Having a child with sleep problems can be a very disruptive because both the child and parents suffer. By changing a few aspects of your home life you can look forward to both you and your child having a good night’s sleep!
As a parent, it’s very tempting to lie down next to an infant or toddler as they drop off to sleep. Unfortunately, this well-intentioned habit can cause problems because it creates an association in the child between sleep and parent.
It can be unsettling for the child to wake up and find that their parent is no longer beside them. Without the comfort, warmth and smell of the parent next to them they may have difficulty getting back to sleep and begin to cry. This can happen many times during the night and cause problems for both parent and child.
The key to finding a solution to the problem is minimizing the amount of times that the child wakes up during the night. This means finding the natural bedtime for the child and sticking to it. Rather that choosing an arbitrary time to put the child to bed, you should always tuck them in when they start to feel drowsy. This may not be easy if they are used to staying up later so you can expect a little protesting and crying. If they do cry, don’t leave them to cry themselves to sleep, instead stay with them and talk, sing a lullaby or read a story. After time, a habit will form and the amount of time you have to stay with the child will become less and less.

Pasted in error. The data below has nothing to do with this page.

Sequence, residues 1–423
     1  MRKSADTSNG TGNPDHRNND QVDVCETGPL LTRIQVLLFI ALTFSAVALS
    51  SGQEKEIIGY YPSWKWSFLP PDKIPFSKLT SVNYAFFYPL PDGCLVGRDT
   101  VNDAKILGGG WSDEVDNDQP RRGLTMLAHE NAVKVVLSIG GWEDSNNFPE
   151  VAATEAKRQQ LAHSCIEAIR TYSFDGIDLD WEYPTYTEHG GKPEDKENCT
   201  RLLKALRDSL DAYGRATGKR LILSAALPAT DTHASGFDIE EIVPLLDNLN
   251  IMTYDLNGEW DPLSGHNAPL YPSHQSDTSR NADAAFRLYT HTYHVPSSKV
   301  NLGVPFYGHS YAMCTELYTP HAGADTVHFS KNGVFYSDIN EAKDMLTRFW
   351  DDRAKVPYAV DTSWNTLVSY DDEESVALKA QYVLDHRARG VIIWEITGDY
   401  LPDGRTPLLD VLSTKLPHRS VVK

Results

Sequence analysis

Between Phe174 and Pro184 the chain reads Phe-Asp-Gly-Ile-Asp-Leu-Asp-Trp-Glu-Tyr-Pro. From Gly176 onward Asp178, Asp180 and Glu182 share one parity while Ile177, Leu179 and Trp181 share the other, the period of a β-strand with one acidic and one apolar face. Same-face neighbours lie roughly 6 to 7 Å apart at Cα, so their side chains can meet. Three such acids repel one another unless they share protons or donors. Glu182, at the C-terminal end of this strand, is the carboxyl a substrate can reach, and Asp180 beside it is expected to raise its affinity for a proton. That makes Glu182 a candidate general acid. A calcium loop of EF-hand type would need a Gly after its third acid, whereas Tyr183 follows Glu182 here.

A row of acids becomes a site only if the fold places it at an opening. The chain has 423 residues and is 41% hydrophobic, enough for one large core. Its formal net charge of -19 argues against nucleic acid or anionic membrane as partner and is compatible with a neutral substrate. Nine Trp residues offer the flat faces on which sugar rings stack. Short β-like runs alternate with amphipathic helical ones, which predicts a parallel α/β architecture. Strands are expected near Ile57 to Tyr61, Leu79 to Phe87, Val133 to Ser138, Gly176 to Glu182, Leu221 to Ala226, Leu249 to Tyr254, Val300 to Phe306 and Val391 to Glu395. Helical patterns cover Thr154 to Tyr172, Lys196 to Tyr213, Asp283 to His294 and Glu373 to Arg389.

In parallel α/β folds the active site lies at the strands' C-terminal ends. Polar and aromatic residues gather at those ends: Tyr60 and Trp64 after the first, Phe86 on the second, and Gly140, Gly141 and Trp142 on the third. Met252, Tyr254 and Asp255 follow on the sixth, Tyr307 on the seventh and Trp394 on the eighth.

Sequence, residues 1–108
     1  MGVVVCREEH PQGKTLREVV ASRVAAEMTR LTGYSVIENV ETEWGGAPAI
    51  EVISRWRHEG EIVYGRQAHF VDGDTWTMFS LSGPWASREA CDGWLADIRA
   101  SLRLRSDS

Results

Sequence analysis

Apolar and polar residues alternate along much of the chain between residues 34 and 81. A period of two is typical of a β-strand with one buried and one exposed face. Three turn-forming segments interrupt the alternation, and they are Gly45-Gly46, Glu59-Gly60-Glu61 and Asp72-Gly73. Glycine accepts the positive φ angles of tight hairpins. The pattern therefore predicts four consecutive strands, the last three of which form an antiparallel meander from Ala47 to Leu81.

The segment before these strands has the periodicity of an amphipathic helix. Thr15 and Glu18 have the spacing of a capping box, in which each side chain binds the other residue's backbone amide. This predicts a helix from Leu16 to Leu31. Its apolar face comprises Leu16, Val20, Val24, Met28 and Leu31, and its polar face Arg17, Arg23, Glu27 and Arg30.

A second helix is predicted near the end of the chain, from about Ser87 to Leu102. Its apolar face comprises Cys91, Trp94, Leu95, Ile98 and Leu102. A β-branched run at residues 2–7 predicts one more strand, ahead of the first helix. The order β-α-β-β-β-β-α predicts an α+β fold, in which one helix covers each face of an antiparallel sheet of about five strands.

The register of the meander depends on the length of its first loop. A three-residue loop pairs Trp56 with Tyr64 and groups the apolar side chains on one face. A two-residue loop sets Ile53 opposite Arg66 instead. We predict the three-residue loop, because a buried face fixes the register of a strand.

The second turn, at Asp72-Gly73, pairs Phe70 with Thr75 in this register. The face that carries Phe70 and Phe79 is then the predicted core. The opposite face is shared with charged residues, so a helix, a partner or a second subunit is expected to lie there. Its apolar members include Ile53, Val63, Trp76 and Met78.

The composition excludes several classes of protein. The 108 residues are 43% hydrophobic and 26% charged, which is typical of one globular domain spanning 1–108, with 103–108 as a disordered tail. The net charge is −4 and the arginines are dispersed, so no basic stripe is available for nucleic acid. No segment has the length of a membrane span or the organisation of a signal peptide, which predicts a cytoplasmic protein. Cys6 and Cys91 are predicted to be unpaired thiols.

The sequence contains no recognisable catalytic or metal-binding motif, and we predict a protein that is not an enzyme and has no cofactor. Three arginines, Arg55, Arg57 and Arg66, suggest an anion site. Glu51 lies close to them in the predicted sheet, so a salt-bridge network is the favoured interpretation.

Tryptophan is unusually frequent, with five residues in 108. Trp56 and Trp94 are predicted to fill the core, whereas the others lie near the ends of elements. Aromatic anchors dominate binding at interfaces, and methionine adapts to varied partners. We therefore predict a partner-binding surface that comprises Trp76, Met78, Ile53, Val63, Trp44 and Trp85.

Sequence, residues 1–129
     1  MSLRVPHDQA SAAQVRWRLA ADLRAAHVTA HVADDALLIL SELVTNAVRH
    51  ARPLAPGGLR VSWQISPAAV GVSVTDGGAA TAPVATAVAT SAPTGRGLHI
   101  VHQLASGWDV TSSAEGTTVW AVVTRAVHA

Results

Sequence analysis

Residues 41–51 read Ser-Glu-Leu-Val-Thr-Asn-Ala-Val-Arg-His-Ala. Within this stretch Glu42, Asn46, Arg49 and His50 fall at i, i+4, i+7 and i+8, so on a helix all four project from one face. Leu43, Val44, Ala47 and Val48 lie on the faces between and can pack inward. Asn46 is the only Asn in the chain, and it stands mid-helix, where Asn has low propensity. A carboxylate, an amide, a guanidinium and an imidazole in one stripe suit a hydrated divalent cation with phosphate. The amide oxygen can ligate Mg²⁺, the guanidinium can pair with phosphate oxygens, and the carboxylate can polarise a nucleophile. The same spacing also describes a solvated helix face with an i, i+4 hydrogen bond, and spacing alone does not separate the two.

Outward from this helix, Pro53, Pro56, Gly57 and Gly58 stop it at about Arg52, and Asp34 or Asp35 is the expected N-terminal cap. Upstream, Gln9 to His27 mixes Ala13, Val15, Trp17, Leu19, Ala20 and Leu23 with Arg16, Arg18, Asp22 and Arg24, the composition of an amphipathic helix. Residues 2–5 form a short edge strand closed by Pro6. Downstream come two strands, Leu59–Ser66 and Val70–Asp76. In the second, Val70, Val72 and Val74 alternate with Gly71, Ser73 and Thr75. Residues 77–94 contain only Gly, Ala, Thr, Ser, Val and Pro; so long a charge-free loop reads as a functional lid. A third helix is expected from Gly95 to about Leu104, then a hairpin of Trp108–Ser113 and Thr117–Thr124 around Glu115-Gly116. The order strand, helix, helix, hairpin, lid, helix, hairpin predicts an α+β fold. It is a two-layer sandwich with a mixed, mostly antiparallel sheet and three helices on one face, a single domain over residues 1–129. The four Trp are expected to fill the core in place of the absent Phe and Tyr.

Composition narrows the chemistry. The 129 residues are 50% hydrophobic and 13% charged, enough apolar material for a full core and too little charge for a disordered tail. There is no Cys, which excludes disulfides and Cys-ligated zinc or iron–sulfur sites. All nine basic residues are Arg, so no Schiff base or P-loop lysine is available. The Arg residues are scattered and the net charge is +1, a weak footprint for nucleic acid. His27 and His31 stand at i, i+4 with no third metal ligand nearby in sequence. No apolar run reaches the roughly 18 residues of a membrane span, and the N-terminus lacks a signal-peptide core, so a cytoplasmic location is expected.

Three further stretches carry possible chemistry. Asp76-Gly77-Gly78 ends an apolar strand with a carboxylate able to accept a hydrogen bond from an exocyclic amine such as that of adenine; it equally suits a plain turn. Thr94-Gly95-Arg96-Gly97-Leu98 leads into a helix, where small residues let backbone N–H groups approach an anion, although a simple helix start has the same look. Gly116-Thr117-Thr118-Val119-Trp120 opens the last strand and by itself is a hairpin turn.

Snacks and drinks that are consumed late in the evening can create difficulties for your child with regards to getting to sleep. Food in general has to be digested and if the body is working hard digesting food, it cannot relax and fall asleep. Chocolate and many soft drinks, such as coke, contain the stimulant caffeine and should be avoided after midday. Many food, candy and drink products contain artificial colors and flavors which some studies have shown to cause hyperactivity in children.
Care should be taken over the media that a child is exposed to. A TV program, book or video game can have a long lasting effect on a child, sometimes years, and cause difficulties getting to sleep and nightmares. If a child is suffering from insomnia because of disturbing media then you can help by spending a little more time with them at bedtime. A child will tend to exaggerate what they have seen and fill in any gaps with irrational thoughts. You can help by rationalizing those gaps and talking to them about their fears.
Many teens have difficulty getting to sleep due to the proliferation of distractions in the bedroom; TVs, stereos, laptops and game stations all serve to tempt the teen away from the main function of the bedroom – sleeping.
If distractions are not the issue, the problem may be that they are sleeping-in for too long at the weekend. This disrupts the body clock and makes it hard for them to get to sleep at the normal time on school days. Try waking them up at a time that is just a little later than a school day and make sure they are exposed to plenty of sunlight throughout the day.
Category: Sleep Disorders